• Add me to your circle on Google+. (Disclaimer: I’m still learning my way around there.)
  • Get blog updates by e-mail, using the button at left.

If you have any suggestions for future blog content, or ideas for improving the reading experience, please let me know.

Thank you again for your support!

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Family Affair Friday(ish): Season 2, Episode 14, “Star Dust,” 12/18/1967

For once, being a day late with this feature actually serves a purpose–it allows us to celebrate the birthday of this week’s beautiful guest star, Martha Hyer.

She is 89 today!

She is 89 today!

So, yeah, I totally planned this week’s lateness. And, incidentally, I look just like Martha Hyer does in this episode. Trust me.

Written by: Roy Kammerman. Directed by: Charles Barton.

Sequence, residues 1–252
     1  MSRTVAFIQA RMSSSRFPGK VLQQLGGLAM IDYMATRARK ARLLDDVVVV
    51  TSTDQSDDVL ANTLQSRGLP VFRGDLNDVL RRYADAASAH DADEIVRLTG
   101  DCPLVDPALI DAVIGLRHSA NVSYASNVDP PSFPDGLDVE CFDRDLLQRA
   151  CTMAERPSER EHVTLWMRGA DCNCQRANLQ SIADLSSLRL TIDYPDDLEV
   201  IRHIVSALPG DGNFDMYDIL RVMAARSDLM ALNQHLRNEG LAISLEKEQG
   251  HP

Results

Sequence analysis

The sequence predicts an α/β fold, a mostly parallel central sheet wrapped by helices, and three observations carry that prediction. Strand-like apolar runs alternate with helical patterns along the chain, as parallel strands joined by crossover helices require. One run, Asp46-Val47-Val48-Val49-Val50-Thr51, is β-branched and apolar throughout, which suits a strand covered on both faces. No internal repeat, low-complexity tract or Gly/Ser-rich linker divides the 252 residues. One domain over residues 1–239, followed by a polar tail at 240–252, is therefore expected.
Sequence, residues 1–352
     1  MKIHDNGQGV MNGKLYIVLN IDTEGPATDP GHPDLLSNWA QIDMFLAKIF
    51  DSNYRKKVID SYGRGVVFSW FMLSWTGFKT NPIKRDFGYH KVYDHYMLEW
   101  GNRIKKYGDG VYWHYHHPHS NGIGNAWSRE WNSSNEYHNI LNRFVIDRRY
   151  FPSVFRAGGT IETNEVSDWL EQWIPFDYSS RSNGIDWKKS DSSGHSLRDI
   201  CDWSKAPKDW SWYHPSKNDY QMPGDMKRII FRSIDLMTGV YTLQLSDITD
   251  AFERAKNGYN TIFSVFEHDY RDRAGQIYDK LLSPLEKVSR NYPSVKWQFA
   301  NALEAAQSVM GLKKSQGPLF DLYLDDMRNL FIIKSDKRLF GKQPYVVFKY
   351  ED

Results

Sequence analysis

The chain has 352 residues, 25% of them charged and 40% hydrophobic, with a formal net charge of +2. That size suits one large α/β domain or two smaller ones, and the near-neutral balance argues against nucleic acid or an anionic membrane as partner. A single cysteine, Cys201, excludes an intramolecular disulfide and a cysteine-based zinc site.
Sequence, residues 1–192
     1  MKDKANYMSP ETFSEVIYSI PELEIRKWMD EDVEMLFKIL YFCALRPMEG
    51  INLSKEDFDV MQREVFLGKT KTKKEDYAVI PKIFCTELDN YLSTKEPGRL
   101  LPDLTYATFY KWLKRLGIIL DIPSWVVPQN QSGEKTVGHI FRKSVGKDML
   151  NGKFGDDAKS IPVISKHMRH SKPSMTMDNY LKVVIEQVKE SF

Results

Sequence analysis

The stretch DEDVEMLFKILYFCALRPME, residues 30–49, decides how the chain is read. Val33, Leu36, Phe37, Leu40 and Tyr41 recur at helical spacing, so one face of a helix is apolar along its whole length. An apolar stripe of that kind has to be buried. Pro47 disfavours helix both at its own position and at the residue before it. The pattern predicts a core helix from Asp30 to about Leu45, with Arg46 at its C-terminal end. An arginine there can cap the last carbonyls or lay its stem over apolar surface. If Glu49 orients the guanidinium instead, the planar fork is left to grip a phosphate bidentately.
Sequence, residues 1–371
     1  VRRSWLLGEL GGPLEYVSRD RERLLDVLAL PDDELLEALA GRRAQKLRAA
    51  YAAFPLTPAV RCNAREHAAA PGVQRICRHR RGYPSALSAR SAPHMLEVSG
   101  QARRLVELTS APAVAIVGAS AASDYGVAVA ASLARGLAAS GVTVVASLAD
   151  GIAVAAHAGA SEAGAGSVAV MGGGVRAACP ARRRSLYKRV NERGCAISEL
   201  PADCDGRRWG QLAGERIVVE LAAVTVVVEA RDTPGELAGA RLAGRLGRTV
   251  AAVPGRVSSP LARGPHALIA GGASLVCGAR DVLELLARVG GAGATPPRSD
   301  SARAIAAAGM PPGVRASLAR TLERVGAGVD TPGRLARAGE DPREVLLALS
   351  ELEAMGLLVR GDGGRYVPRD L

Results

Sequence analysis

Synopsis

It’s bedtime, and the twins want to hear a story. Uncle Bill’s attending a party so the task falls to Mr. French.

The kids say it will be good practice for French, in case he ever becomes an uncle.

The kids say it will be good practice for French, in case he ever becomes an uncle.

Actually, he is an uncle. That was a Nigel French episode, though, and the twins might not realize that his nephew would be Giles French’s nephew, too.

He suggests a chapter of Winnie the Pooh.

French suggests a chapter of Winnie the Pooh. (The show’s frequent Pooh references are in-jokes, since Sebastian Cabot began narrating Pooh features in 1966.)

The kids ask for Jack and the Beanstalk instead, and French puts his unique stamp on the story. When Uncle Bill returns, the kids ask him to take over.

He tries, but Cissy keeps interrupting to hear details of the party he attended.

He tries, but Cissy keeps interrupting to hear details of the party he attended.

Bills says the guest list included several senators, a Nobel laureate, a famous explorer–and a movie star.

Guess which one Cissy wants to hear about.